Osprey No. 3

This morning before sunrise, I sighted my third Osprey in our area.  I was hoping when I stepped out this morning before getting on the road to work, I’d at least ‘hear’ one.  I found a pair of Osprey on Lippincott’s Channel Marker #3.  And YES I heard them too!  What a wonderful sound, I love it.  I watched this pair for just a couple minutes before they both flew off to the left where I anticipated they went to one of the Osprey platforms erected at Osprey Point (I cannot see these platforms from my balcony, but I can when I drive by them).  Sure enough, there the pair was, sitting on the platform seen closest to Rt 18 when I drove by.  Their season is ready to begin!  Here’s a couple shots of the pair on the channel marker.

Osprey Pair on Lippincott's Channel Marker #3 3-15-13

Osprey Pair on Lippincott’s Channel Marker #3 3-15-13


Osprey pair reconnected

As soon as I passed their Rt 18 platform, I jumped on and headed east on Rt 50 towards our infamous Osprey nests over the highway; my first Osprey sighted was still on his/her nest sign, still waiting for his/her mate to return.  That also gave me my confirmation I have indeed seen three arriving Ospreys.  🙂

While photographing the Osprey couple, I couldn’t help taking a photograph of the House Finch on my neighbor’s railing.  He was also enjoying the sunrise.

House Finch singing at sunrise

Male House Finch singing at sunrise

My buddies, the House Finch.  They do love sitting on the balcony railings….and leaving me little presents.  😉   Here’s three more photos of maybe him above or another visitor hanging with me at sunset one evening.

House Finch enjoying the last of the day's rays

Male House Finch enjoying the last of the day’s rays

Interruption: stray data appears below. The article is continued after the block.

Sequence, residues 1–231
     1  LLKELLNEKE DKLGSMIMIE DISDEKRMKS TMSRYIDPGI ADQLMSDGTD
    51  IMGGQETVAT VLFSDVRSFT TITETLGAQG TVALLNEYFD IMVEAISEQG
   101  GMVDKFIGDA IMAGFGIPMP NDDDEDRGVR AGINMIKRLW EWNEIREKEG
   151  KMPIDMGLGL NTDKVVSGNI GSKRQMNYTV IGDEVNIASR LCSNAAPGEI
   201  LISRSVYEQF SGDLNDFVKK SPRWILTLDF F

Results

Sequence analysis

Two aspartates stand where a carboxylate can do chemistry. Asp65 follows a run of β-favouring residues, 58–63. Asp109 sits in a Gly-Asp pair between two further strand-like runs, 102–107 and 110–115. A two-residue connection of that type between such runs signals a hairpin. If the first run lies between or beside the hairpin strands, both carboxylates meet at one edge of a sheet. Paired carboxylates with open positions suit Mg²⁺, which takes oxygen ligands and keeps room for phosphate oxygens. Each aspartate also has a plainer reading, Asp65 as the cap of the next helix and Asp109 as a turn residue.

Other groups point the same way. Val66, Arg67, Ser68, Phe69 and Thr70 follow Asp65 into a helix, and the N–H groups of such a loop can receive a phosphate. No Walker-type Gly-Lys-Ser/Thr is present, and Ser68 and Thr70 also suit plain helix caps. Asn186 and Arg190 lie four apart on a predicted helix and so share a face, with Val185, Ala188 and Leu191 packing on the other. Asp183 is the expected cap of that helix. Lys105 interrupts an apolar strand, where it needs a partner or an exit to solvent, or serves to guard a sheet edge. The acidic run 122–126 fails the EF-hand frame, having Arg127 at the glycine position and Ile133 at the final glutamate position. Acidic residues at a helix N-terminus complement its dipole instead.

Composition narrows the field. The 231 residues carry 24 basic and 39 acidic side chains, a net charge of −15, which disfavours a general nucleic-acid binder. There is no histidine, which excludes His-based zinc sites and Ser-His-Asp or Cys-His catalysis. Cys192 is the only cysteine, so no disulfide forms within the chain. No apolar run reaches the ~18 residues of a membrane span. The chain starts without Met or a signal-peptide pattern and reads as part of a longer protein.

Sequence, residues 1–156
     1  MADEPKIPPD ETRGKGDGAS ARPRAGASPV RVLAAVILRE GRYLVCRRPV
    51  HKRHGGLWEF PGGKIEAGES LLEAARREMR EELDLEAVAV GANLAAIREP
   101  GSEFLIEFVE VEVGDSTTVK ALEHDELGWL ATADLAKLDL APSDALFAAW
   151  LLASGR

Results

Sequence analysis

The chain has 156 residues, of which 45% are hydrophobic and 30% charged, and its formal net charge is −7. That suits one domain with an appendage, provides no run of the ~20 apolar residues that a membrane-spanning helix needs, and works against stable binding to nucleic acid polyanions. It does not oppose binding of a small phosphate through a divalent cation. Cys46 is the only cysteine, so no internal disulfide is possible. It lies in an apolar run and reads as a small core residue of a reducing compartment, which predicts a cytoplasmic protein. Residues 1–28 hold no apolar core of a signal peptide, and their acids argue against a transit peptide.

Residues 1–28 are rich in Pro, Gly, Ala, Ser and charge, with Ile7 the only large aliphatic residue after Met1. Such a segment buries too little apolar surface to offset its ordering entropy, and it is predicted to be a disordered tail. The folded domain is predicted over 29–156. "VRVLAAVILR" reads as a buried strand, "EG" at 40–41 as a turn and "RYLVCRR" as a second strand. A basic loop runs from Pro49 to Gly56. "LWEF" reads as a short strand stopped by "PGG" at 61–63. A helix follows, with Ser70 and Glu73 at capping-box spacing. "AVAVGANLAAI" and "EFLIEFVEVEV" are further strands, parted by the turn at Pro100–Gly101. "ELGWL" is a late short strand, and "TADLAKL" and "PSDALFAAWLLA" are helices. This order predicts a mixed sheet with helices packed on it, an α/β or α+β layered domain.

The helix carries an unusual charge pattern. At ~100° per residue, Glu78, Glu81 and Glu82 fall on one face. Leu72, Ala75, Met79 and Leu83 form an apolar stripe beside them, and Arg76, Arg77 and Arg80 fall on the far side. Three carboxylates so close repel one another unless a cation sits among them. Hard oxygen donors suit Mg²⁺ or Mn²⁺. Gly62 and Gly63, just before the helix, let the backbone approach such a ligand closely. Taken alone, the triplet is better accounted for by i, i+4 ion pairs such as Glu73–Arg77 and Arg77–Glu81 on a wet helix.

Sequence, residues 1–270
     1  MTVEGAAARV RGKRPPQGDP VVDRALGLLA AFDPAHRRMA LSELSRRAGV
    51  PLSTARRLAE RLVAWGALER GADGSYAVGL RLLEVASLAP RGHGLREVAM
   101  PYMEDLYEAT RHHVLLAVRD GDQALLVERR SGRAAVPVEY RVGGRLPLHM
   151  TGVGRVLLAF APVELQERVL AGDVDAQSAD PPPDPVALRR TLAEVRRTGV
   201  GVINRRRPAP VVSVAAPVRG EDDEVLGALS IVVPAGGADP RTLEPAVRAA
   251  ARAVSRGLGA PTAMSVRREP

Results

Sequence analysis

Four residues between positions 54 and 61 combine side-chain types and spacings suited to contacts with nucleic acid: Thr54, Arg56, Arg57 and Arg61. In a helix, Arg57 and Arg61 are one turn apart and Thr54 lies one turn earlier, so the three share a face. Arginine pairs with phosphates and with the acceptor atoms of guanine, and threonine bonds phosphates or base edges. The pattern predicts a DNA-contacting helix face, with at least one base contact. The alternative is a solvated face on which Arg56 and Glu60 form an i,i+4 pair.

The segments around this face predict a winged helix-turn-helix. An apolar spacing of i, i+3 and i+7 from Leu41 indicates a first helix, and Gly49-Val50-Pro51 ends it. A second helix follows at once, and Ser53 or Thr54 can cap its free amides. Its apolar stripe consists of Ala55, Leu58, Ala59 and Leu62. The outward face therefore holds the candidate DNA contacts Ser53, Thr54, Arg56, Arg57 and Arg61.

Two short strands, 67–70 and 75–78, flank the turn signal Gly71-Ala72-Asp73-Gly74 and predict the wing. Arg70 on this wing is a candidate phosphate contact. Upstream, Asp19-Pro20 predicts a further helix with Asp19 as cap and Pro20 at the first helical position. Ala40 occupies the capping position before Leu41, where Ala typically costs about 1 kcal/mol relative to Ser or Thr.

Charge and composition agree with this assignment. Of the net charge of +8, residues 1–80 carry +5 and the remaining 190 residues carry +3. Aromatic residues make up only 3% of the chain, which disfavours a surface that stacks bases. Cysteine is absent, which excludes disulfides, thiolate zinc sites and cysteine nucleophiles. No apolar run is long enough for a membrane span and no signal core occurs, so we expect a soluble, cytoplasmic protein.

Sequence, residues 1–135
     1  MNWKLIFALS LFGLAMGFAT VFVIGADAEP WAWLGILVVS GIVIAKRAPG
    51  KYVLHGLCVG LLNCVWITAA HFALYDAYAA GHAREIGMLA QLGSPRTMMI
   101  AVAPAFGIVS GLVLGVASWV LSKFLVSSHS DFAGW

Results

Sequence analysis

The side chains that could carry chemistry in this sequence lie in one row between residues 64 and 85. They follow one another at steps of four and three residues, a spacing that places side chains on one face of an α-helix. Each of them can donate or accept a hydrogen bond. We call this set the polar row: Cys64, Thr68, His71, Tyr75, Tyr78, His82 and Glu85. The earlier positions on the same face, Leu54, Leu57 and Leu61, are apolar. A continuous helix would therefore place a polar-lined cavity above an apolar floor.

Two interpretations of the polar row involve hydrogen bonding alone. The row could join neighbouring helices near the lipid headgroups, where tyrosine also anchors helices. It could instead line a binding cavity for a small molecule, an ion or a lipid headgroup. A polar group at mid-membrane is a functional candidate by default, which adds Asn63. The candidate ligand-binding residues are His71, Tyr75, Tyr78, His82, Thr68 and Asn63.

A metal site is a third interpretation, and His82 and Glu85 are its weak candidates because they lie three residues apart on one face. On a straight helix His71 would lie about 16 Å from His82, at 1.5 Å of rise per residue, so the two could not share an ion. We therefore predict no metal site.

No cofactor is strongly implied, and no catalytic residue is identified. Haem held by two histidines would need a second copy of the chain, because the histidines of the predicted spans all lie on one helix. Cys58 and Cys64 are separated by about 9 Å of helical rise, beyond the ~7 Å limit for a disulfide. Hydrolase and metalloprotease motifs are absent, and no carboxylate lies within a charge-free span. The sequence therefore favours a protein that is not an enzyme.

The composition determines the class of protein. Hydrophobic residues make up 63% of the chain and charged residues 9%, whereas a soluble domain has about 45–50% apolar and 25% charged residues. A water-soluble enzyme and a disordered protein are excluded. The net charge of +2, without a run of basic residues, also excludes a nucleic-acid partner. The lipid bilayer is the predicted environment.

Male House Finch


Male House Finch

A surprise visitor at sunrise a week ago caught my eye running below me on the ground between me and the Osprey platform.  He was fast!  I took several photos and got lucky.  I thought to myself, my goodness this dove or pigeon is fast.  But the red eye, hmmmm….  Well, I soon found out when I pulled out my books that it wasn’t a dove or pigeon at all, I came up with identifying him as a Sharp-shinned Hawk (correct me if I’m wrong, as this would be a newbie to my bird list!).  The Sharp-shinned Hawk is the smallest hawk in North America.

Sharp-shinned Hawk

Sharp-shinned Hawk

Sharp-shinned Hawk

Sharp-shinned Hawk

He was here and then up and gone as he flew off!

Well, this is a quick post, I had to shout out the third Osprey sighting for us locals who are eying the sky, markers, and platforms for another Osprey arriving.

Welcome back, Osprey!  And to all of you, have a great weekend, thanks for keeping up with me!

15 thoughts on “Osprey No. 3

  1. I would say that the “presents” the finches leave are worth the gift of their song! The hawk does look like a sharpie, and I agree with you. They and Cooper’s hawks are nearly identical other than their size, the edges of their tails, and the length of their necks. The one in your photos looks too small to be even a small Cooper’s hawk.

    • But the male Cooper’s hawk is quite a bit smaller than the female Cooper’s hawk. So much so that the male Cooper’s hawk approaches the size of a large, female Sharp-shinned hawk.

    • I agree with you Jerry on the ‘presents’! Thanks on the ID help, I’m caught in the middle here! 😉 Did the red eye help at all on IDing? All the images I saw between the Cooper’s and Sharpie, I only found the red eye on the Sharpie. Do Cooper’s have a red eye at all?

      • You must have missed my post on Cooper’s hawks